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Ella Johnson

I feel incredibly privileged to be able to say ‘I was GVI Cambodia’s first volunteer’. Others may have found it nerve wracking to have entered into a month-long teaching program with no visualisation of what the area or the programme itself was going to be like on a new base. I can honestly say I didn’t encounter these nerves. This was neither naivety nor recklessness on my part, but instead reflects the importance of throwing yourself into new and potentially ‘scary’ situations that you have no choice but to follow through with. You have no choice but to just get on that plane, no matter if you’re the hub trailblazer or learning alongside larger numbers of other participants and staff members. Personally, I didn’t allow time for myself to contemplate the possibility of any negative outcomes at all. There was no difference between going to a decade old hub with 30 other people on my start date, or going this alone and helping to pave the way for other volunteers for years to come. Either way, I was about to travel to the other side of the world on my own and taking part in something completely new to me.

Exploring a local temple complex!

Overcoming Hurdles

There was a very brief moment in my stay in which I felt marginally lonely. In my first week I was hit with illness, not serious, but unfortunate enough to warrant intravenous intervention. With the time difference at home and being stuck in bed, the number of people to contact became limited. It is not a productive use of time however, to contemplate if having other volunteers on my chosen dates would have impacted this. I want to stress this is not a reflection of staff as they were more than understanding, but a reflection of my not wanting to hinder the immense work that goes into setting up a new hub for a global NGO. On the other side of this solo trailblazing coin is the true privilege to be part of the beginning of a base that is going to make such a vast impact in Cambodia. I’m thankful I didn’t let the build up to my programme be hindered by nerves or concern, as now I have an even greater perspective that any anticipated life experience is more so a case of commitment over fear.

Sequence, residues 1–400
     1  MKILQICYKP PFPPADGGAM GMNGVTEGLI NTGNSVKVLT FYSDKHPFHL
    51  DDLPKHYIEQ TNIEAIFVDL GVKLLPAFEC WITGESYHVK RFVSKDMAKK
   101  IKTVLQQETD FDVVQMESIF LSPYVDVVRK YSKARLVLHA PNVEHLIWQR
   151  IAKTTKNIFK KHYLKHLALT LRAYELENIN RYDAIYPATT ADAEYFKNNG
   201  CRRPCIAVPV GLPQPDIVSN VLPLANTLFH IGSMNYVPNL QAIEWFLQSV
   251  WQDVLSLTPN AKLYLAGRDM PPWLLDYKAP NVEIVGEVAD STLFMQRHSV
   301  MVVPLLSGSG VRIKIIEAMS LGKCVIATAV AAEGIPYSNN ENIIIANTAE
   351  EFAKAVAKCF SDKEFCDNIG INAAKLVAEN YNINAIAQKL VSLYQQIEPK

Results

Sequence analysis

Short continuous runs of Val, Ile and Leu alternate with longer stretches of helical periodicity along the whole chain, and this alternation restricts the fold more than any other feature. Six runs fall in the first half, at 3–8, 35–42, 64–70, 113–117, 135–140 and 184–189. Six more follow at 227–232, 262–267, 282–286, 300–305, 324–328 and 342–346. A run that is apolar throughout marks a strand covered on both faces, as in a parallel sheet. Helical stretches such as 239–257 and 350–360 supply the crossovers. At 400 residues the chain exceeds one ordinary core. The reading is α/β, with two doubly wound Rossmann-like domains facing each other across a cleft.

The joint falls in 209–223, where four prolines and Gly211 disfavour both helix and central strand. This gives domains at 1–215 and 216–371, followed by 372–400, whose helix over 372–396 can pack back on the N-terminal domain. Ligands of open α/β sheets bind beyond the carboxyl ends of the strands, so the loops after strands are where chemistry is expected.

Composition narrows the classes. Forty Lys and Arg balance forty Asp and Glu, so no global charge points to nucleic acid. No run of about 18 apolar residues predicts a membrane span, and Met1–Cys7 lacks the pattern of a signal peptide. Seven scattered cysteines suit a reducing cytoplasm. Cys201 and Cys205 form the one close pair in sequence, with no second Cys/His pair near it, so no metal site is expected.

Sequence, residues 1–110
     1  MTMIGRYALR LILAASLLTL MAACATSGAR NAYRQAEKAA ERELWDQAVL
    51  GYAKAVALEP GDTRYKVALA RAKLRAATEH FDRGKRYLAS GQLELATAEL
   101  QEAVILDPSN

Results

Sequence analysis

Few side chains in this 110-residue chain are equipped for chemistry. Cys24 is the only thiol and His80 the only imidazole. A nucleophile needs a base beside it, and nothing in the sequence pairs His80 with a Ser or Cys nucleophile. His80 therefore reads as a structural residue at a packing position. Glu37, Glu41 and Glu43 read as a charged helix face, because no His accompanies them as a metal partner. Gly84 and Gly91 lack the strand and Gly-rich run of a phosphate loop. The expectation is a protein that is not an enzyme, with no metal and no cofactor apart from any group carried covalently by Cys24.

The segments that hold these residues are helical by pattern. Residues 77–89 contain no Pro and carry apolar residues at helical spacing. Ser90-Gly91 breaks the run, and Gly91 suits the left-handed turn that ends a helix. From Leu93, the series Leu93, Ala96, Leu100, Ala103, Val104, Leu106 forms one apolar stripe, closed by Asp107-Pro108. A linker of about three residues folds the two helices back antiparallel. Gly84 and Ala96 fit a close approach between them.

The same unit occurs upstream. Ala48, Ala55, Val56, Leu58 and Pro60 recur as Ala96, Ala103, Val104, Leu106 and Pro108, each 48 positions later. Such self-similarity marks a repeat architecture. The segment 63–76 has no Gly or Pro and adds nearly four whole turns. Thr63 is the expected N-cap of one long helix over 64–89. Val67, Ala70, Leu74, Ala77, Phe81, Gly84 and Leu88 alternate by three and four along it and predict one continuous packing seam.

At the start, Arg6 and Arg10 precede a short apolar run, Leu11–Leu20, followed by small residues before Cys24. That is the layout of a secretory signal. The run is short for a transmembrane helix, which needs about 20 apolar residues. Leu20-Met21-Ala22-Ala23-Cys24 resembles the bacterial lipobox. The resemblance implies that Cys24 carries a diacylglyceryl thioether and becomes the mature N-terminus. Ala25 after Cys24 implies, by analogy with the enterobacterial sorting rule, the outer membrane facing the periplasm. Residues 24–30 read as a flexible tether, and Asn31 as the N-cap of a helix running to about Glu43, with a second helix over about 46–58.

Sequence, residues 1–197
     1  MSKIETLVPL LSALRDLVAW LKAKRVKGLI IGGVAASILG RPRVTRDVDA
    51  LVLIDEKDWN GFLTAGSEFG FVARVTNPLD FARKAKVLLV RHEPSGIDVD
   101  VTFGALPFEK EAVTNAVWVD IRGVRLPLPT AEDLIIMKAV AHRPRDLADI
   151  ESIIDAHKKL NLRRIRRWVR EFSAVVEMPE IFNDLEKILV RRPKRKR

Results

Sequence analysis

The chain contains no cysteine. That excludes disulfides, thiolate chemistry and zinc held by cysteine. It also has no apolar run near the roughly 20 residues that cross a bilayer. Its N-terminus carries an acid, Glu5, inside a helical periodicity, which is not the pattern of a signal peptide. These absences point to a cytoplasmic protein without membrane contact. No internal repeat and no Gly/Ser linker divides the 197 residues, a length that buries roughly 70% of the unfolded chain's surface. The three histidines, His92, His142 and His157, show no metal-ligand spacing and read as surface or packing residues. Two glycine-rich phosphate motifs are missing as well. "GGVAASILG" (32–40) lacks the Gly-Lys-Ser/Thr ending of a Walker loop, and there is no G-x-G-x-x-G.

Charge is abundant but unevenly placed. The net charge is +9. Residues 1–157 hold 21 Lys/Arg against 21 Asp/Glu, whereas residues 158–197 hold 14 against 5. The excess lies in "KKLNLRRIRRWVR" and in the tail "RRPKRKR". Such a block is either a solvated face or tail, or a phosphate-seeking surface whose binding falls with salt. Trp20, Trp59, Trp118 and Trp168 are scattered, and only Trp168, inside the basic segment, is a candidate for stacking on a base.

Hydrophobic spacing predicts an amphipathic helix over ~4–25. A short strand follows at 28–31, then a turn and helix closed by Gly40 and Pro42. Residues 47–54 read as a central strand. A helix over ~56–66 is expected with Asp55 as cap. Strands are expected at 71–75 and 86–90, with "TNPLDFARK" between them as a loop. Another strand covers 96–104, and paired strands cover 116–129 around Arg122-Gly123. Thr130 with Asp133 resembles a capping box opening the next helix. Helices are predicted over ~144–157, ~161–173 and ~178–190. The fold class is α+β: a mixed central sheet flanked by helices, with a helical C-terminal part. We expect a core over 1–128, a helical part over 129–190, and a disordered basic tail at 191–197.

Teachers teaching Teachers!

Taking the Leap

If somebody were to approach me and ask how to contain nerves surrounding international volunteering alone, I would simply advise to take each minor process in isolated steps. You need vaccinations, get the vaccinations. You need insurance, organise the insurance. Baby steps up until you finally need to be at the airport – then get on the plane. There is however a balance between throwing yourself into said ‘scary’ adventure, but also ensuring you will be suited to each other. I was confident in my personal alignment to this global NGO’s sustainability values and therefore also confident in the fact these values would define my experience. So, new or established hub, all are fundamentally striving for the same goal and this will ultimately define your time abroad. This highlights the importance of putting research into your chosen NGO.

Developing History

No matter the length of time you contribute or the number of people you happen to be with, the values GVI holds at its core as an NGO means you will make a sustainable contribution within the area you are volunteering in at a grassroots level. I feel as though being the first volunteer placed an even greater emphasis on this truth, as I was the first voluntary participant to set the example of GVI’s efforts in the community.

I would wish the Cambodia hub all the success in the future, but with the commitment and efforts I have seen over my past month this is wholly unnecessary.

Thank you Lily and Avi, I am so excited for what the future holds here!

First photo of the first GVI Cambodia team

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